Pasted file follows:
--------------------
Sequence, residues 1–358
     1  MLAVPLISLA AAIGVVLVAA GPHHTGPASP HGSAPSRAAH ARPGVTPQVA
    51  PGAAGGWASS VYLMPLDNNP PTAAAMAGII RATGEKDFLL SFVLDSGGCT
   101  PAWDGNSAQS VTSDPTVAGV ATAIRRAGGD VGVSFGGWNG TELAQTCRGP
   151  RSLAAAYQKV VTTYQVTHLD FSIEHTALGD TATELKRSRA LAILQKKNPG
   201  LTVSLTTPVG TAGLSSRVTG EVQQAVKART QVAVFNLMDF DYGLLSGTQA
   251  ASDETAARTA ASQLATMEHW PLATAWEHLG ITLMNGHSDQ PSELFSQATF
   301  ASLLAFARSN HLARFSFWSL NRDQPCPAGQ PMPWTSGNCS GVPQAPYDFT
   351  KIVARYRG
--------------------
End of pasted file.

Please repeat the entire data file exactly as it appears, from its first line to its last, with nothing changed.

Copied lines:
Sequence, residues 1–358
     1  MLAVPLISLA AAIGVVLVAA GPHHTGPASP HGSAPSRAAH ARPGVTPQVA
    51  PGAAGGWASS VYLMPLDNNP PTAAAMAGII RATGEKDFLL SFVLDSGGCT
   101  PAWDGNSAQS VTSDPTVAGV ATAIRRAGGD VGVSFGGWNG TELAQTCRGP
   151  RSLAAAYQKV VTTYQVTHLD FSIEHTALGD TATELKRSRA LAILQKKNPG
   201  LTVSLTTPVG TAGLSSRVTG EVQQAVKART QVAVFNLMDF DYGLLSGTQA
   251  ASDETAARTA ASQLATMEHW PLATAWEHLG ITLMNGHSDQ PSELFSQATF
   301  ASLLAFARSN HLARFSFWSL NRDQPCPAGQ PMPWTSGNCS GVPQAPYDFT
   351  KIVARYRG